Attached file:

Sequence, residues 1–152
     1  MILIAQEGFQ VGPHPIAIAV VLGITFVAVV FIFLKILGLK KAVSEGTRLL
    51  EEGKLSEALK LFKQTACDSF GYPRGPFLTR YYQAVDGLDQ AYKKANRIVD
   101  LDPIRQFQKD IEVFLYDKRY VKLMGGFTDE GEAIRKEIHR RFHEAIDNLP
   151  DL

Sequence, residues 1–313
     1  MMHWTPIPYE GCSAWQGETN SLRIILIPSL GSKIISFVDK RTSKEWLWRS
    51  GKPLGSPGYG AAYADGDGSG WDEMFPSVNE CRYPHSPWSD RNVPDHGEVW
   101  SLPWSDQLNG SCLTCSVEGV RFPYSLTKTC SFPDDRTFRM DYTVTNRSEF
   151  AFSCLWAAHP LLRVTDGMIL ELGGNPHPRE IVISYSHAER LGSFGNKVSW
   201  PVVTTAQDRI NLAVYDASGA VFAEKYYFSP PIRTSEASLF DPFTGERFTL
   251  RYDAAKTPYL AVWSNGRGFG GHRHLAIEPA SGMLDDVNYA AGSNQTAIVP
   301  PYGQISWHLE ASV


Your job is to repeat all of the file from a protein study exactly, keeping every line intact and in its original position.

Sequence, residues 1–152
     1  MILIAQEGFQ VGPHPIAIAV VLGITFVAVV FIFLKILGLK KAVSEGTRLL
    51  EEGKLSEALK LFKQTACDSF GYPRGPFLTR YYQAVDGLDQ AYKKANRIVD
   101  LDPIRQFQKD IEVFLYDKRY VKLMGGFTDE GEAIRKEIHR RFHEAIDNLP
   151  DL

Sequence, residues 1–313
     1  MMHWTPIPYE GCSAWQGETN SLRIILIPSL GSKIISFVDK RTSKEWLWRS
    51  GKPLGSPGYG AAYADGDGSG WDEMFPSVNE CRYPHSPWSD RNVPDHGEVW
   101  SLPWSDQLNG SCLTCSVEGV RFPYSLTKTC SFPDDRTFRM DYTVTNRSEF
   151  AFSCLWAAHP LLRVTDGMIL ELGGNPHPRE IVISYSHAER LGSFGNKVSW
   201  PVVTTAQDRI NLAVYDASGA VFAEKYYFSP PIRTSEASLF DPFTGERFTL
   251  RYDAAKTPYL AVWSNGRGFG GHRHLAIEPA SGMLDDVNYA AGSNQTAIVP
   301  PYGQISWHLE ASV